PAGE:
Mormons tend to get up in arms when people say we aren’t Christian. After all, it’s in our real name: the Church of Jesus Christ of Latter-day Saints. And yet, on Easter this year–the day that should be more important to us than any other day of the year–I experienced something in not one but two Sacrament Meetings that disturbed and frustrated me so much that it almost ruined my whole experience of Easter.
None of the speakers in either meeting spoke directly about the atonement, crucifixion, or resurrection.
They all delivered fine messages that would have been wonderful on any other Sabbath Day. But on Easter, they were sadly devoid of any real attention to what the Savior suffered, the burden He shouldered for us, or what an amazing thing it is that he conquered Death so that, for each of us, death is not the end but merely a stepping stone to the next phase of an eternal existence.
If I were attending those meetings as someone who is not a member of the church–and there was at least one such person in attendance that I knew personally–I would have thought to myself, these people don’t really understand what it means to be Christian.
And I had to ask myself, why do we as members of His church take for granted the most important aspects of the gospel. The atonement and resurrection are not just aspects of the gospel; they are the gospel. Without them, there is nothing else: no eternal families, no salvation, no potential for the Celestial kingdom. As Joseph Smith said, “The fundamental principles of our religion are the testimony of the Apostles and Prophets, concerning Jesus Christ, that He died, was buried, and rose again the third day, and ascended into heaven; and all other things which pertain to our religion are only appendages to it.” How can we, then, as people who profess to follow and worship Him, show such little gratitude for the terrible, incomprehensible price He paid so that we might enjoy the blessings of faith, repentance, baptism, the Gift of the Holy Ghost, and all other blessings that flow from His great sacrifice?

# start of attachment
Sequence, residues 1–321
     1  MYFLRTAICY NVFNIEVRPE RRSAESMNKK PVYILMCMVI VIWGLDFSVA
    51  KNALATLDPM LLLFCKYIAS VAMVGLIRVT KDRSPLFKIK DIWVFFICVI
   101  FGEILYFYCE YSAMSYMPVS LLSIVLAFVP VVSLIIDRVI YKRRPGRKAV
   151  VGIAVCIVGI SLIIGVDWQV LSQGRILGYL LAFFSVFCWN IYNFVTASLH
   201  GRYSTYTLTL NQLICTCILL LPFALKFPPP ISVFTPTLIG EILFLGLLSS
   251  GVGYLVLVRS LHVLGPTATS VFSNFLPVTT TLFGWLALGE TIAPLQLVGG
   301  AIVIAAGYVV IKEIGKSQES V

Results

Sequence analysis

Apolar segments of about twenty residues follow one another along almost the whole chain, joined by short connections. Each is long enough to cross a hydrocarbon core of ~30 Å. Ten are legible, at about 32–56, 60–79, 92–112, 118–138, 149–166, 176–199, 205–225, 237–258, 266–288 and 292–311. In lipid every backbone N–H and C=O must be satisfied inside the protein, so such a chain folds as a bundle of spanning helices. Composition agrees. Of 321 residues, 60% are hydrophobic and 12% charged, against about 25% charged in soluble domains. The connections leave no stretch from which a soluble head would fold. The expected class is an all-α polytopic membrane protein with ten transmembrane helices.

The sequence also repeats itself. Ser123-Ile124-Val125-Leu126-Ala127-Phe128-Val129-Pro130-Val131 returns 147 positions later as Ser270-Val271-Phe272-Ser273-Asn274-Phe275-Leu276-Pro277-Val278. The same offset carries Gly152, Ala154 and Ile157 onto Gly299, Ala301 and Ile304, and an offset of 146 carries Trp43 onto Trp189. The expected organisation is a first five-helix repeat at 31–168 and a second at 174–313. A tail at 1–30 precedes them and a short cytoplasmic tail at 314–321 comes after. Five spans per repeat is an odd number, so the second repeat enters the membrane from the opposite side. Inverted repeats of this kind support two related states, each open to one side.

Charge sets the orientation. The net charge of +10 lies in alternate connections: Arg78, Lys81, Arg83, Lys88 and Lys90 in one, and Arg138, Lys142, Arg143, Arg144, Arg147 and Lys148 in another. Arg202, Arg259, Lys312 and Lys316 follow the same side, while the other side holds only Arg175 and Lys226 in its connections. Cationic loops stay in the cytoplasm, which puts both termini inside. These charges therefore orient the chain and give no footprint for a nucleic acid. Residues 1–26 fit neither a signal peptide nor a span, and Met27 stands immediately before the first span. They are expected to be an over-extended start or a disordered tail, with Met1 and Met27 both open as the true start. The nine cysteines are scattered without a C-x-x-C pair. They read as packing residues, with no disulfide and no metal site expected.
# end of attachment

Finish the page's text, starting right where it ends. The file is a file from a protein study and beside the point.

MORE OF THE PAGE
Is it because we assume that we’ve talked about it so much that we need to find something else to talk about on Easter? If so, then we need to think again. Because the other thing I noticed about the messages in both Sacrament Meetings was that they were all focused on us–our trials, our suffering, our choices, our mortal experiences. I think we need to start focusing less on ourselves and more on the Savior. We could actually take a cue or two from the rest of the Christian world, who start their celebration of Easter in February, with Lent, who talk about Christ’s fasting, his miracles, his suffering in Gethsemane, his scourging and humiliation and long walk to Golgotha, the agony of his final hours, the mercy of his forgiveness of those who nailed him to the cross, his concern for his mother, his appearance as the Resurrected Lord, the glory of his final victory. Aside from a few brief closing remarks by the Bishop in one ward, we heard about none of those things yesterday. I am saddened and angered–forgive me, Father, for the contention in my heart over this–that there was no real devotion to the Savior’s sacrifice on the one day that everything should be about Him, not us.
So, just in case anyone is unsure of what I believe about Christ, let me take this opportunity to share my testimony–that He lives; that He suffered unfathomable agonies so that I would not have to suffer them through my own poor choices, sins, and personal weaknesses; that He suffered in Gethsemane and then again on the cross; that he voluntarily gave up His life to overcome Death for all of us; that he was buried in the garden tomb; that he rose again, a perfect holy being with the power to save us all; that I am completely dependent on His grace for my life and salvation; that all I can do of myself cannot save myself without the sanctifying power of His atonement; that He was, is, and ever shall be the Son of God and the Eternal Father of the souls of mankind whom He ransomed with His Blood; that He is the pure Lamb of God; and that through Him, and only Him, we have the opportunity to repent of our sins, receive healing from the wounds of mortality, be made clean so that we can live with Him and our Heavenly Father once again, and somehow, sometime in the eternities, become creators of worlds of our own.
I am grateful beyond my ability to express for His sacrifice and Resurrection, but I know that I am still not grateful enough, and that I do not comprehend enough what it took to save my soul from sin. Thank you, my Savior, for loving someone as lowly as I am enough to suffer and die for me.
Watch this beautiful video about our Savior’s atonement and resurrection: